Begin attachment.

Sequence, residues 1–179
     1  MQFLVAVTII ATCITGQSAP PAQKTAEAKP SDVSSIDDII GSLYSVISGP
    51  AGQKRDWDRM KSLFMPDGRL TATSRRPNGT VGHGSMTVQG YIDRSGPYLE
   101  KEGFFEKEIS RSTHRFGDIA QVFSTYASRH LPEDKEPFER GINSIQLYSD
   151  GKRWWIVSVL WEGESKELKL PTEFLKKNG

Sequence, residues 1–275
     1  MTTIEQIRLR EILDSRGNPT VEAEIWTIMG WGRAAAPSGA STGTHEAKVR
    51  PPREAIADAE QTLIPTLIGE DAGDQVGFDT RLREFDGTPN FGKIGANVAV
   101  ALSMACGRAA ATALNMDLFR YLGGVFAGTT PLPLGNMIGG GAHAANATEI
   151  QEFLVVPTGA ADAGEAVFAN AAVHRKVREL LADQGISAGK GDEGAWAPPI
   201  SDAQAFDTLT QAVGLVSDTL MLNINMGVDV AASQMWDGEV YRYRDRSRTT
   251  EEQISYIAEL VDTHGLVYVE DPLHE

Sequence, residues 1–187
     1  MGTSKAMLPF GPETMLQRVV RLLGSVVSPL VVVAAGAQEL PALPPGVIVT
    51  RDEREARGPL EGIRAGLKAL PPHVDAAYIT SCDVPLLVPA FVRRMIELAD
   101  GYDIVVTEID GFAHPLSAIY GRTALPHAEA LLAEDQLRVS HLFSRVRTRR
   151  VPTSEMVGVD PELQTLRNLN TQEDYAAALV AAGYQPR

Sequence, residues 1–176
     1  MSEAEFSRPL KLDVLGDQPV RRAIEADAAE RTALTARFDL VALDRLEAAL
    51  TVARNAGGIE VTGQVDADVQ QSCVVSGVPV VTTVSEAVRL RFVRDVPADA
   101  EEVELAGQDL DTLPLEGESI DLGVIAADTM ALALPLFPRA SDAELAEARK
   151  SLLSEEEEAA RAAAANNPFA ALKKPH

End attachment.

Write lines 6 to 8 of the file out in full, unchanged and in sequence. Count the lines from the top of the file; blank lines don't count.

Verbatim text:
Sequence, residues 1–275
     1  MTTIEQIRLR EILDSRGNPT VEAEIWTIMG WGRAAAPSGA STGTHEAKVR
    51  PPREAIADAE QTLIPTLIGE DAGDQVGFDT RLREFDGTPN FGKIGANVAV